At the Polls: House District 101

Laurie Mondville
• Age: 44
• Resident of Casco; married to husband, David, for over 15 years; three children, Catrina, age 24, a work at home mom, her husband is in the Army and he has served one tour of duty in Afghanistan; Nakita, 21, has her early childhood degree; son, Derek, 12, an honor roll student in Lake Region Middle School.
• Education: Associate’s degree from Southern Maine Community College and working toward bachelor’s degree at University of Maine in Farmington with a major in Early Childhood Education.
• Business: Co-owned a bait business from 1988-91; own educational early childhood program, A Loving Attachment Child Care, from 2001 to current.
• Community groups: Member of National Association of Education of Young Children and National Association of Family Child Care; worked with HomeStart when it first began; member of the SAD 61 School Board, serving on all the committees, and chaired Liaison, Finance and Curriculum.
• Awards, honors: Graduated college with the highest grade point average of my class, while working full-time and being a full-time parent.

House District 101: Casco, Naples and parts of Poland.

The Candidates: With incumbent Rich Cebra reaching his term limit, the candidates for House District 101 are Republican Laurie Mondville and Democrat Christine Powers.

Their Positions: The News asked the candidates the following questions (answers arranged alphabetically):

Q. Gridlock is a problem, so how do you propose to overcome partisan politics?

Mondville: I disagree with the notion that there is gridlock in Augusta, with Republican leadership and with overwhelming bipartisan votes, in the last two years major reforms have been passed — welfare reform, health insurance market reform, tax reform, the Maine Turnpike and Maine State Housing have been reformed after decades of mismanagement and corruption under Democrat control.

My opponent talks about “restoring balance” in Augusta, under Republican leadership nearly four decades of Democrat mismanagement are finally beginning to be balanced with common sense free market solutions, returning balance to Maine state government for the people of Maine. I want to continue that work of giving control of Maine back to the people and uphold the Constitution of the United States of America and Maine. My opponent won’t do that.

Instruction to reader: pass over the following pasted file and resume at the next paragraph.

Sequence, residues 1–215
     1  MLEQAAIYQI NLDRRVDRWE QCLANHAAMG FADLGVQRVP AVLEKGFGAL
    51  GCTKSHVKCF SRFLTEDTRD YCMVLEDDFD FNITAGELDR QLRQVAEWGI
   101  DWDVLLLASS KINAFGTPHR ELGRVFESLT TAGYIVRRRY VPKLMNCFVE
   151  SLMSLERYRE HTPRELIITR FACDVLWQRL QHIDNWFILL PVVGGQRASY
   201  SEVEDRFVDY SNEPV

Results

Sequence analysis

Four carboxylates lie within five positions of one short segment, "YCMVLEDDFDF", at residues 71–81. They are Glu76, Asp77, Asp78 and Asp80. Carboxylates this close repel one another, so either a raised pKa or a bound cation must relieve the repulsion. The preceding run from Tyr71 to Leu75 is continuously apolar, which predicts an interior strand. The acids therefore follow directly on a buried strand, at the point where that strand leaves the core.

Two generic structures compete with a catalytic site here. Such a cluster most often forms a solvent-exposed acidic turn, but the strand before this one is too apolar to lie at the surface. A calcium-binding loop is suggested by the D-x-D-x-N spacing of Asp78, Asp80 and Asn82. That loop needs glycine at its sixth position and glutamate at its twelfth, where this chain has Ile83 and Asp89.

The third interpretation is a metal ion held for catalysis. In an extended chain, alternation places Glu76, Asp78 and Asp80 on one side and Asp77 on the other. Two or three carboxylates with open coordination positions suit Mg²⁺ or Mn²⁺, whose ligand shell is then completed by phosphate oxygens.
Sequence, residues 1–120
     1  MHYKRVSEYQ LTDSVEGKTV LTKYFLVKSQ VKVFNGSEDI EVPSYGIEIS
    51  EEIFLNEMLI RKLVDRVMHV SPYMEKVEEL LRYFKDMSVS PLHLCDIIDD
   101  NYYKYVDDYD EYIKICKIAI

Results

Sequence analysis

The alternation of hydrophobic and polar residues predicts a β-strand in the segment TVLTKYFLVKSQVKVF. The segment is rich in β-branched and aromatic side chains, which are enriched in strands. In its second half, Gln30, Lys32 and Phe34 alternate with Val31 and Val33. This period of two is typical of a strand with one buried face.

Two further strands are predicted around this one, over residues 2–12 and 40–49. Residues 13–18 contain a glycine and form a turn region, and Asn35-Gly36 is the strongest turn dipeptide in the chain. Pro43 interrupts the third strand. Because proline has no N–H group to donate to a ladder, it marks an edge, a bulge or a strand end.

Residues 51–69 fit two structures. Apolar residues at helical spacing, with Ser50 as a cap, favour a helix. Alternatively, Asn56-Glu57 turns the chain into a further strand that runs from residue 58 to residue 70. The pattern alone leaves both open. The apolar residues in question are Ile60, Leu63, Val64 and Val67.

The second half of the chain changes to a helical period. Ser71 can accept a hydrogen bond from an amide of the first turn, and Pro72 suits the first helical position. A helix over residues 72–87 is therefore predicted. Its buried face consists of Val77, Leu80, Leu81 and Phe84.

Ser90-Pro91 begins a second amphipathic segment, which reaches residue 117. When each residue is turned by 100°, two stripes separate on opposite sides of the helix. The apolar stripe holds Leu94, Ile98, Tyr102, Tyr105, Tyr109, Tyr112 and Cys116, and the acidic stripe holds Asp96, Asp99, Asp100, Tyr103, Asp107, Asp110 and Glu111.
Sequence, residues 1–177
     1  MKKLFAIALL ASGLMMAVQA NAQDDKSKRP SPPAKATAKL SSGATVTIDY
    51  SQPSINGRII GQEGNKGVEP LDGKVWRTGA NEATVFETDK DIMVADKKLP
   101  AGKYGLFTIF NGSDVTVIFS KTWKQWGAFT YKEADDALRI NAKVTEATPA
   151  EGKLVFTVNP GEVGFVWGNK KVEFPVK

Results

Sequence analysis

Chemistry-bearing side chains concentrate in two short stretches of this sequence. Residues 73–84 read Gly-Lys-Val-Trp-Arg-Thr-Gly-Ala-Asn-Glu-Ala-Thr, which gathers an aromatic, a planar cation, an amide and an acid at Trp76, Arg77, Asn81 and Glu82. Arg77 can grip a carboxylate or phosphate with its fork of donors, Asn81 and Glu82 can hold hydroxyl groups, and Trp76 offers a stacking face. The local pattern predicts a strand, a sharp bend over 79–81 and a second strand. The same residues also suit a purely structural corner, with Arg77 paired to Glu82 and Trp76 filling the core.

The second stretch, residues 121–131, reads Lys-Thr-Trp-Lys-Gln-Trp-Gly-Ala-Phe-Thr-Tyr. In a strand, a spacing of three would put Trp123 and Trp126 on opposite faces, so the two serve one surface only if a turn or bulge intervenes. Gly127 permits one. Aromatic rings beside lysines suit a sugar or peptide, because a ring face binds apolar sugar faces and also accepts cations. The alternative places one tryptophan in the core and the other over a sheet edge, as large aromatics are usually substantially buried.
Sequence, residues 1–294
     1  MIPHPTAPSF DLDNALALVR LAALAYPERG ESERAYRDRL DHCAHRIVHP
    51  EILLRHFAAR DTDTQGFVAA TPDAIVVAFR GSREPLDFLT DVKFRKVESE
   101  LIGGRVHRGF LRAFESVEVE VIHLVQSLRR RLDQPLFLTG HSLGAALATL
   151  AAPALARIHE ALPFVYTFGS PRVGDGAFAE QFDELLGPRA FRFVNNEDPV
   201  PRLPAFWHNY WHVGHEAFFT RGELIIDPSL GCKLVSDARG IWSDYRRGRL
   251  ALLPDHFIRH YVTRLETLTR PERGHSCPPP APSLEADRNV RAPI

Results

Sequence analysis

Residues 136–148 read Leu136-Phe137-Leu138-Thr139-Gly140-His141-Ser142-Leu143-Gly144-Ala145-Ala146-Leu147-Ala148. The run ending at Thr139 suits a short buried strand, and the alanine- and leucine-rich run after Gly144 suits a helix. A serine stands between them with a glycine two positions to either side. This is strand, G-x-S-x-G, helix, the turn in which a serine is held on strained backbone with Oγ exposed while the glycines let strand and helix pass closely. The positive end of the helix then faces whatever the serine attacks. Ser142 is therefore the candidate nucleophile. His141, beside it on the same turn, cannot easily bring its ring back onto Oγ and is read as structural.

Powers: I am currently serving in my 11th year on the town of Naples Board of Selectmen. In those years, I have gained a great deal of experience regarding municipal and state law. Our board has worked together very well to find the best solutions for the citizens of Naples despite our differing political affiliations.

In this political climate, it is crucial to have elected officials who are willing to listen to ideas from all sides and find the best solution to move forward for all constituents, not just those who voted for them.

Q. What characteristics would you bring to the position that would make you an effective politician?

Mondville: I am a passionate and honest person that can effectively get my point across. I am a terrific negotiator and a creative thinker. I am able to quickly re-plan as needed and I always try to have a contingent plan available. I am reliable and I will be there when I am needed. I do very well under pressure and stress. I thrive in this type of environment. I can be an “out of the box” kind of thinker and I work well as a team. I am also a leader and I am able to move people along with me. I am an independent thinker and I am detail orientated.

I will not vote for something I do not understand. If I do not understand it, I will ask questions, get more details and admit I need more time or help. I am not afraid to say I don’t know, but I will find out. I am open and willing to take calls from all of my constituents when they need to contact me. I am able to look at the big picture of what is going on and I am able to see flaws or anticipate outcomes.

I am the leader that District 101 needs; one that is honest, one that is passionate about what she believes, one that is informed before making the final judgment and one that will work tirelessly for you.

Christine Powers
• Age: 48
• Resident of Naples; one grown daughter, Kelsey Powers.
• Education: Graduate of Winnacunnet High School, Hampton, N.H., 1982; UNH, Bates College and St. Joseph’s College.
• Business: Director of the Naples Public Library, April 2011 to present; MLTI Technology Coordinator for SAD 61 from 2002 to 2011; partner in a video tutorial website 2009 to present; subcontractor, The MacSmith since 2009.
• Community groups: Member of the Town of Naples Board of Selectmen, chairman of the board from June 2007 to May 2008 and June 2011 to May 2012; elected member of the board since 2002; secretary and board member, Lakes Environmental Association from 2005-2009, secretary 2006 to 2008; past member of the Naples Comprehensive Plan Committee and the Habitat for Humanity Committee in Naples.

Powers: I have been honored to serve the people of Naples for over 10 years. I have worked and volunteered in this community for over 18 years and hope to have the opportunity to bring that work ethic, knowledge and experience to Augusta for the next two years.